If truth is real, if it’s attainable, if there’s right and wrong independent of what you and I believe, then conversation is worthwhile. We can talk to each other. We can listen. We can exchange ideas respectfully or disrespectfully. But talking matters. 

But if the person you’re talking to has his own truth, then conversation is pointless. It’s something we do because we desperately want to be understood and to have what we want, not because we want to change someone’s mind.

Why debate, why challenge someone’s ideas if they already know the truth? “Because that’s how we get better” sounds really hollow when you consider that “better” is your word for “more like me.”

Why listen to another person’s point of view when you get to decide what is true and how you live your life? “Because it’s kind” is cheap when you consider the only people we value listening to are the ones who already think like us.  Facebook figured this out long before we did.

Maybe most frightening is that we’ve even stopped listening to ourselves. We’ve chosen kindness over consistency. We don’t like thinking about those parts of ourselves that are ugly and need improvement. We don’t like the uncomfortability of admitting we might be wrong in how we think and act. We already have so much anxiety, we can’t afford to consider the entire way we think and behave might be mistaken. We admit we could be better, but that’s a weak motivation to change compared with, “I’m wrong.” We would never tell someone else, “you’re wrong” (unless we were pretty sure everyone on social media would agree with us), so why would we say it to ourselves?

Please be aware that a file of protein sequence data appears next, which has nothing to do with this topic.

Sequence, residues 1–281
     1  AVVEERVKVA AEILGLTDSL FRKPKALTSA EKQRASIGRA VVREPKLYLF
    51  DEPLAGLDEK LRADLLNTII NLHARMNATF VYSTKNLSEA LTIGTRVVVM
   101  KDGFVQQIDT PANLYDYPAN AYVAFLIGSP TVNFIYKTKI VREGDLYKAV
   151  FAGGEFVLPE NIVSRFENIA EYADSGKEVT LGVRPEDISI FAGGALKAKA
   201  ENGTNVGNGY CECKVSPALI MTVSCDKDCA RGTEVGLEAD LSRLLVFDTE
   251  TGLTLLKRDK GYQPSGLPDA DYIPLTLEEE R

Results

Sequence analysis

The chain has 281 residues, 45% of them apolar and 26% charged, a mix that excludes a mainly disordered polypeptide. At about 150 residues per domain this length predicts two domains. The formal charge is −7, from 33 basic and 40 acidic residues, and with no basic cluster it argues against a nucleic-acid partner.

We’ve chosen plurality over consistency. I wish I could convey this to every preacher in America. I sit in rooms where we build sermons. Rarely do we face the fact that we can preach our sweat and blood and that people’s M.O. is to clap and thank us on the way out. But they don’t change. They simply added to their beliefs. None of them were transformed. Our sermon was filed right next to a New Girl episode and YouTube video.